New techniques using high technology to grow almonds.
Researchers at California State University, Fresno are partnering with drone producers AeroVironment to bring high tech innovations to almond farms.
The California drought is no secret; it’s impact on agriculture isn’t a secret either. What if growers in that state could reduce water usage without costly innovations or placing increased demands on their staff?
CSU Fresno is partnering with AeroVironment, a company specializing in unmanned aircraft systems (otherwise known as drones). Their mission is to find out how much water stress can be picked up with aerial imagery.
As reported by Growing Produce:
“Athanasios Alexandrou is the Professor and Chairman of the Industrial Technology Department at Fresno State’s Jordan College of Agriculture. He said they are reviewing the literature to determine what levels of stress they will put on a test orchard. The location that they will be using will on campus. It will be a 35-acre block of ‘Nonpareil,’ ‘Aldrich,’ and ‘Price’ almonds.
Following a predetermined schedule, they will fly the orchard with a drone to collect imagery. Then in addition there will be a team on the ground collecting moisture levels of both the soils and the leaves. Alexandrou and his team will correlate the data and then conclude how much stress can be determined through the air.
‘The long-term goal of this kind of project is collecting and analyzing data to investigate if drones can pick up water stress without the need to do soil or leaf sampling at some point in the future,’ he says.”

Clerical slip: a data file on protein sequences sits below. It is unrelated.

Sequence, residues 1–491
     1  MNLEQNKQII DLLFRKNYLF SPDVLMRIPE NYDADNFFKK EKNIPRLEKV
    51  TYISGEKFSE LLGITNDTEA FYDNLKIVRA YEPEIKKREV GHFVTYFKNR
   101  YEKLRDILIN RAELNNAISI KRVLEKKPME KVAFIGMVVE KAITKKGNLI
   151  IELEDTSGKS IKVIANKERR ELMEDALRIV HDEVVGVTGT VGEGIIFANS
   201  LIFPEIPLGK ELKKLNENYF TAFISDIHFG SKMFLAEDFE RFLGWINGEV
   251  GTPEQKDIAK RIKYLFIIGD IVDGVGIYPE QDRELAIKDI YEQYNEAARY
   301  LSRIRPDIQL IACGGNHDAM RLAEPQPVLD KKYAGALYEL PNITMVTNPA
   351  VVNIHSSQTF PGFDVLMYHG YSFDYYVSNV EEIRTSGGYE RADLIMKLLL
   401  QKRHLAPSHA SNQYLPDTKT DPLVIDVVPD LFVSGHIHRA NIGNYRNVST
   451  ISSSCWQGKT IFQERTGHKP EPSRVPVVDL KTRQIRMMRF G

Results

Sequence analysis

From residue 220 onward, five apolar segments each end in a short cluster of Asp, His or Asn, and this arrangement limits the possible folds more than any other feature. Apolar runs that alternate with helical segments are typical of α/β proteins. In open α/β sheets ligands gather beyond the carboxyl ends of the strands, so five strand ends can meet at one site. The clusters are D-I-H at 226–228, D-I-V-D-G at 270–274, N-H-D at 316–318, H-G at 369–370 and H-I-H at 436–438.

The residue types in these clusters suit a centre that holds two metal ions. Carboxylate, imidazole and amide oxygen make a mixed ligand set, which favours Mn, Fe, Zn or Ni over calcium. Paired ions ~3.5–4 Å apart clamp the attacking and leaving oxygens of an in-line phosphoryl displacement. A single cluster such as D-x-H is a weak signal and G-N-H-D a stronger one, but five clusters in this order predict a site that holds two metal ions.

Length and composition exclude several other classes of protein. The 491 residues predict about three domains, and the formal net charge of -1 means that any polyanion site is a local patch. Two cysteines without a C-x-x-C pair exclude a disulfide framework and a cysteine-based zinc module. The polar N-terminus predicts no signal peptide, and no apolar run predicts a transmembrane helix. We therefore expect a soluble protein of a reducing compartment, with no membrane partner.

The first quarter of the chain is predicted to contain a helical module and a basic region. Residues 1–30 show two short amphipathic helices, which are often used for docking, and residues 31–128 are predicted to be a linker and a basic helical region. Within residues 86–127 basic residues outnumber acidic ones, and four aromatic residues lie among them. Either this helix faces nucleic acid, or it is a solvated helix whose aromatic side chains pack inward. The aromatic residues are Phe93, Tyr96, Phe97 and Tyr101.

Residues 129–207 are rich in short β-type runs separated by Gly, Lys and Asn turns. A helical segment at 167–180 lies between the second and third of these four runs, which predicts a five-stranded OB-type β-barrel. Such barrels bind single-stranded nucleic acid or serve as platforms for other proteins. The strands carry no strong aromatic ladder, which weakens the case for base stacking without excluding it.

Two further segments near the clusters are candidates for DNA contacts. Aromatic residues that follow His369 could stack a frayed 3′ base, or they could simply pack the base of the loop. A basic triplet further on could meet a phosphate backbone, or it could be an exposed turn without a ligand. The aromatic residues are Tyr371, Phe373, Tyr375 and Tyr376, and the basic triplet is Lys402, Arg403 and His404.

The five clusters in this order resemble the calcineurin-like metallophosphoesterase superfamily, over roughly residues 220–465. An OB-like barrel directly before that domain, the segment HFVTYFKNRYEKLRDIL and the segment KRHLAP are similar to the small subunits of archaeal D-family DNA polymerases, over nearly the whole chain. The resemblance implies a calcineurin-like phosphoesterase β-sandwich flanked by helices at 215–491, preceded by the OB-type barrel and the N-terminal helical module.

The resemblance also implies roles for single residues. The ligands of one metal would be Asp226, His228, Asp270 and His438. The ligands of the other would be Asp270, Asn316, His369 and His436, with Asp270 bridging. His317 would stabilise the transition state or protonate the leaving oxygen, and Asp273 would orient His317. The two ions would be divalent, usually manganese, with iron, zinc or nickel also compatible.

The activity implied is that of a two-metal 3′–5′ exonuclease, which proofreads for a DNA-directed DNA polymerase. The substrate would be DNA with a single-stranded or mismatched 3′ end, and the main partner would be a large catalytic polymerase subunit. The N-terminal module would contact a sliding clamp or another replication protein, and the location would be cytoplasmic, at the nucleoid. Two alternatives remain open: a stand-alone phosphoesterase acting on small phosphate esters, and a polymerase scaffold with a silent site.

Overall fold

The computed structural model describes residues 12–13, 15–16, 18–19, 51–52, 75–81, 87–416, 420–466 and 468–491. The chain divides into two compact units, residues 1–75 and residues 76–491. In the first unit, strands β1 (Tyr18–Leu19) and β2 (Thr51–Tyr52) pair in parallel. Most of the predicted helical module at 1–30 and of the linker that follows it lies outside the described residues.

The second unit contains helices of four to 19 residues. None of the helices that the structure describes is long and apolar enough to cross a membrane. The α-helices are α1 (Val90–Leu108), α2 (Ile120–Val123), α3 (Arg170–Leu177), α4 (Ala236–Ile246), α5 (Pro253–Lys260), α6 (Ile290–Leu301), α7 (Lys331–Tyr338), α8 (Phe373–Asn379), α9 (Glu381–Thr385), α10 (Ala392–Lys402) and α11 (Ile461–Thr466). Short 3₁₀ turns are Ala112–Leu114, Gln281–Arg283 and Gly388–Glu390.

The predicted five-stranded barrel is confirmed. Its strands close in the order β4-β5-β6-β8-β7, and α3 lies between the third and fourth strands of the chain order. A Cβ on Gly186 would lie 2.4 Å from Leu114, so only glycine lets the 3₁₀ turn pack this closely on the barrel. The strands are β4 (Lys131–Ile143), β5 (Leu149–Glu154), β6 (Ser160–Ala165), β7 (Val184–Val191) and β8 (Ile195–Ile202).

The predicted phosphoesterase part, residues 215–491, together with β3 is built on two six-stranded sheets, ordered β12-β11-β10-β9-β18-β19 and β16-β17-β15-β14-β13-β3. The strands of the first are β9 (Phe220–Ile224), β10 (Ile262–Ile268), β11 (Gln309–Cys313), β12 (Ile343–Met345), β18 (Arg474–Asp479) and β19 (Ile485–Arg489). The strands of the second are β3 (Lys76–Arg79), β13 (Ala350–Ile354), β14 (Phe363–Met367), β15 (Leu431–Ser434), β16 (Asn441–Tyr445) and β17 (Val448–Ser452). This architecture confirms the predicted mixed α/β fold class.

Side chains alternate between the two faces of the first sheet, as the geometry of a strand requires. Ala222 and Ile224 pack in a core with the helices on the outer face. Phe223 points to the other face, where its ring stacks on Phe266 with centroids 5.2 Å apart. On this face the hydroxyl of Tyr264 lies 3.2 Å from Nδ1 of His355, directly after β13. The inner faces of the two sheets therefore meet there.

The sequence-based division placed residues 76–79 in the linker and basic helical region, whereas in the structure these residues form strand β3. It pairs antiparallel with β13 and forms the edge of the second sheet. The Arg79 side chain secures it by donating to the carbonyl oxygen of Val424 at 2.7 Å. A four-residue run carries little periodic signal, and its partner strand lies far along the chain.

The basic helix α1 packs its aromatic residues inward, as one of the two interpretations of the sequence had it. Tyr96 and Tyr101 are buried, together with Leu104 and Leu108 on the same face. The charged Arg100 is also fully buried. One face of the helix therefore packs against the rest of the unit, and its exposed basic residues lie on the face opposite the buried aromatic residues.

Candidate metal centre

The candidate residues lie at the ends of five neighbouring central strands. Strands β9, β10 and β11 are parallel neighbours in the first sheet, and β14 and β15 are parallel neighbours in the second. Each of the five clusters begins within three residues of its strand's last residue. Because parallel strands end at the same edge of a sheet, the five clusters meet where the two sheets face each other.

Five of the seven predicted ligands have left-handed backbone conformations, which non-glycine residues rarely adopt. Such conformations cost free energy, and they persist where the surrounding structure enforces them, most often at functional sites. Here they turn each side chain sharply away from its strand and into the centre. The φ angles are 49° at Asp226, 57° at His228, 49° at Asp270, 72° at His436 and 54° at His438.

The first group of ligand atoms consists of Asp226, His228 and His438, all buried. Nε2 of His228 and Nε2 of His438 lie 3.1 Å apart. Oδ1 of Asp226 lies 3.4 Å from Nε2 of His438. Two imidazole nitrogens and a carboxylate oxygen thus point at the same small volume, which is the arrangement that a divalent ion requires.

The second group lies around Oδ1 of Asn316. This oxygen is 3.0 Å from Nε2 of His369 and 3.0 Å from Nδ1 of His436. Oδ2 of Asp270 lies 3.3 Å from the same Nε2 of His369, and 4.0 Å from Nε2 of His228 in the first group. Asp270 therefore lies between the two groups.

Drones For Agriculture Used To Track Water For Farmers
Most noteworthy in the article is researched commentary that almonds do not use more water than other crops. Virtually all food crops need about one litre of water to produce one calorie. However, almond growers in the state are more visible because they own almost 1 million acres of farmland. Correspondingly, almonds have been getting the most attention from the citizens, media, and interest groups over the past few years.
The ultimate goal of the program is to use the drones to create a more efficient watering schedule. The new schedule would presumably reduce the number of days where the crops actually need to be watered to produce a successful harvest.
In conclusion, to take a look down the road at other technological innovations such as a drone can be used to improve so many areas of our lives and welfare. As Arthur C. Clarke noted, “Any sufficiently advanced technology is equivalent to magic.” As a result, we may see more already automated farming technology making it’s way into our everyday lives. The use of these drones for agriculture could lead to similar drones being used safety and control in a number of other industries.
Words By Genevieve Malandra